Review: In reading your autobiography, I found it immensely interesting and equally ironic that you and Paul met acting when you were doing Alice in Wonderland in school, yet early in the book you also talk about being cast in Mike Nichol’s ‘Catch-22’ right after Bridge Over Troubled Water came out, and how that marked a pivotal moment in terms of the break-up of your partnership because of Paul’s jealousy.  So it was acting that brought the two of you together; and acting that broke you up.  Did the two of you ever discuss the dynamics behind this that led to your separation?

Garfunkel: No, we didn’t.  Musicians don’t talk or believe it makes things better if you spell it out in words. Our whole friendship was based on understanding - we don’t need to spell things out. This is kind of stupid, but that’s musicians for you. He never came to me and said ‘What’s the problem? What did you think when I did that Artie, nor did I.”

Review:  In your book you reference betrayal as a shorter name for unfulfilled expectations, as many times with divorces or separations, it isn’t necessarily a partner’s actions that create the chasm but our perceptions of those actions.  In one of his last interviews John Lennon talked about how he felt Paul would subconsciously sabotage his best work - spending hours in the studio on detailed clean-up work of Paul’s own material, while this atmosphere of looseness and experimentation would crop in the studio with John’s best songs, which is why he felt many of them were never recorded properly.  Did you experience similar scenarios working with your own Paul?

Garfunkel: No, not really. The music was the key focus, no matter who the author was. We might have been competitive in the sense of what each of us would take on in order to pull each other up to being stars, performing at higher levels; but one of the elements we were competing against was the notion that we were going to lose. I feel music always wins no matter who the author is. Life is all about cycles and the laws of relativity. Death follows life, life follows death, and all is vanity.

Review: You have an impressive roster of 12 solo albums that you’ve released, which represents some of your best achievements. I love your album ‘Breakaway’, which was produced by Richard Perry; yet you also had the song ‘My Little Town’, which marked your return to collaborating with Paul. And when the two of you received your Grammy Lifetime Achievement Award, you asked if there was any writer in our time besides Paul Simon with such beauty and poignancy of heart & mind; and how you doubted anyone has received gifts to rival the songs he put through your singing voice.  Do you miss the collaborative element and benefits of working with a partner?

Garfunkel: Breakaway is a creamy, sexy album. I’m glad you enjoy it.  I have fond memories of creating and recording it. As for My Little Town, it’s called ‘going commercial’.  It’s been six weeks since I’ve been onstage, so I’m going to come to your town with a big appetite. 

As for working with a partner, I don’t really miss it. I prefer working solo. The collaborative element was not good for my dignity, which is so fundamental when it comes to enjoying life and feeling good about yourself. Collaborative work paid very well. It created a lot of music and lots of fun, but it also subverted my identity and sense of self, which is a very funny thing for collaborative work to do. But our friendship was formed that way many years ago, so I love being myself, as I have for these last 20 years, as a solo artist, controlling my repertoire and doing my own version of Sounds of Silence - showing my heart on stage and being myself.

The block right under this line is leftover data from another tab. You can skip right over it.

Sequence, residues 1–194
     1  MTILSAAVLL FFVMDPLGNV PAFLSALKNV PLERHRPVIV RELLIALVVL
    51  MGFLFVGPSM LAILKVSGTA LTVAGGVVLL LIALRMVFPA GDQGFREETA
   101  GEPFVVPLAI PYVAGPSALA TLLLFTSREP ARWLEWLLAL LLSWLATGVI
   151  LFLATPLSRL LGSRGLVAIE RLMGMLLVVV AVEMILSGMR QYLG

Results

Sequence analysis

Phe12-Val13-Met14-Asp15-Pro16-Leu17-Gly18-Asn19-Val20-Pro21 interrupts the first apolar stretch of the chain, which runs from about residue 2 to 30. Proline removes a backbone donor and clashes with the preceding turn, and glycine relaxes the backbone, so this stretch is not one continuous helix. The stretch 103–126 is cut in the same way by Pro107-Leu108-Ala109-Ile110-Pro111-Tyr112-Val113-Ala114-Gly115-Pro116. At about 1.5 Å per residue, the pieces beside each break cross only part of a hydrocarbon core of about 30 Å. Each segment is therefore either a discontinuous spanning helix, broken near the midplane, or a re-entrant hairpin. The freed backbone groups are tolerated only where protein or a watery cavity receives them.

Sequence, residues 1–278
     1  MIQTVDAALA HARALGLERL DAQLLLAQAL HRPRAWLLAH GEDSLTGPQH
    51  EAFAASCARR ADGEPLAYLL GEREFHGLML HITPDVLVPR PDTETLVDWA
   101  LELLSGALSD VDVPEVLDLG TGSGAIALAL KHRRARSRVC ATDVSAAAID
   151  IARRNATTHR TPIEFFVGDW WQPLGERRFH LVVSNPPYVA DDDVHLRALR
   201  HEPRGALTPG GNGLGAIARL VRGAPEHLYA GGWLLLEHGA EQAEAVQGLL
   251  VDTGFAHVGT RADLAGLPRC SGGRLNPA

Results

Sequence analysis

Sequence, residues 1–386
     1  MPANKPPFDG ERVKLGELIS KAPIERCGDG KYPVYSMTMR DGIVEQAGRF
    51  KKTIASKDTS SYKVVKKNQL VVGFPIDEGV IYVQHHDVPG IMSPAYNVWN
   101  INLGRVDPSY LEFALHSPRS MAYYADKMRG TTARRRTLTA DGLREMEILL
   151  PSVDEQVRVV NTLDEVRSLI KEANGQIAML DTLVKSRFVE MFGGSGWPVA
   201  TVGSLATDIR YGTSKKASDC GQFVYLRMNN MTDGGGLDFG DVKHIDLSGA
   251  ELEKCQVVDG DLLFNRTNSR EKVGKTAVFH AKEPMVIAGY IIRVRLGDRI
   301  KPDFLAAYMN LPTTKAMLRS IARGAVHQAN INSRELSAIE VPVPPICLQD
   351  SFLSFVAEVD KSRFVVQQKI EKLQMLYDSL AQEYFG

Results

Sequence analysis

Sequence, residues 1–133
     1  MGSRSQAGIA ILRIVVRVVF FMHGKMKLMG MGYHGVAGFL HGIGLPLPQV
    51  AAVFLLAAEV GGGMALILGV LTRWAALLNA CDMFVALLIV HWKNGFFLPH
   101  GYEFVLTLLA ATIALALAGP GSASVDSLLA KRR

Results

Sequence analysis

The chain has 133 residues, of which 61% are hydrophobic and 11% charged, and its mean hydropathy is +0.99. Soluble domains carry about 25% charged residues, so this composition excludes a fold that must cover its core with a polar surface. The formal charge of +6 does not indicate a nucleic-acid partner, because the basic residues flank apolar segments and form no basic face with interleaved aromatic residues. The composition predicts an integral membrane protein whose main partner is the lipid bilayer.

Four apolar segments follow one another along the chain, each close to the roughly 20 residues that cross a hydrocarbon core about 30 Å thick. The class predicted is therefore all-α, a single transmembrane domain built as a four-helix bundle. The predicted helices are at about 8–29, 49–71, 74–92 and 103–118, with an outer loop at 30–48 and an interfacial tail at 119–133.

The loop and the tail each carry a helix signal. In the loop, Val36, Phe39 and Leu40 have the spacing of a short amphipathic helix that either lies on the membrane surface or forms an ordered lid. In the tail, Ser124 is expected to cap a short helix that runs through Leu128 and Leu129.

Review: Flipping back to your film career, you also made a movie with the director Nicholas Roeg, who created some incredibly iconoclastic and experimental films with parallel narratives like ‘Performance’ with Mick Jagger and Anita Pallenberg, and ‘Don’t Look Now’ with Julie Christie & Donald Sutherland. Honestly, Roeg is one of my favorite directors because he’s steeped in semiology and how seemingly unrelated events are actually connected.  Did you glean any insights working with him?

Garfunkel: Oh, yes - Roeg put life into each word that appeared in the script. He was making our film, Bad Timing, which is about love gone wrong. The element of time is so important. In the simplest way this film traces a love affair that several months later is in trouble; and months after that is suicidal. When you make movies you shoot scenes out of order, so with the Vienna scene he would sit there concentrating on the set, with his particularly handsome Oxford-type face, look at the script, concentrate - this has to be just right - his concentration was brilliant. He treated me very good. He owns that artistic element of ‘what’s going on’. When artists make art they need to possess a fundamental point of view. When I see that in a piece, I sign on.

Review:  Are you still writing and recording any new projects that you have coming up?

Garfunkel: Stage work is the fun for me now.  I love perfecting my show, so I’m continuously developing it and changing it and am moving things around in the band.  My two kids fascinate me. My two boys kill me. They are my movie and I’m watching it. My youngest boy is only 12-years old, little Beau, is a wonder - he’s captivated me. My wife gives me stability, which isn’t easy. I’ve been fortunate for many years now. There’s a lot of love in my family.  Can I ask how old you are?

Review:  Sure, I’ll be turning 64 next month.

Garfunkel: Then you know how screwed up things have gotten.  You know what I mean - we live in bitter times. All this social media like facebook cashing in on the privacy of everyone’s face they can get their  computers around, like wieners on a grill for worldwide consumption. This all began with the music downloaders - taking individual achievements and making it people owned stuff. It’s definitely impacted all the creative arts - publishing, writing, films, music.  Anyway, I have another interview I need to do, but you’re connected and seem to know me. It’s been a pleasure.

Art Garfunkel is performing at The Temple Theatre, 203 N. Washington Ave., in Saginaw on Friday, September 28th at 7:30 pm. Tickets are $80, $65 and $55 and available online at www.templetheatre.com or by phoning the box office at 989-754-7469.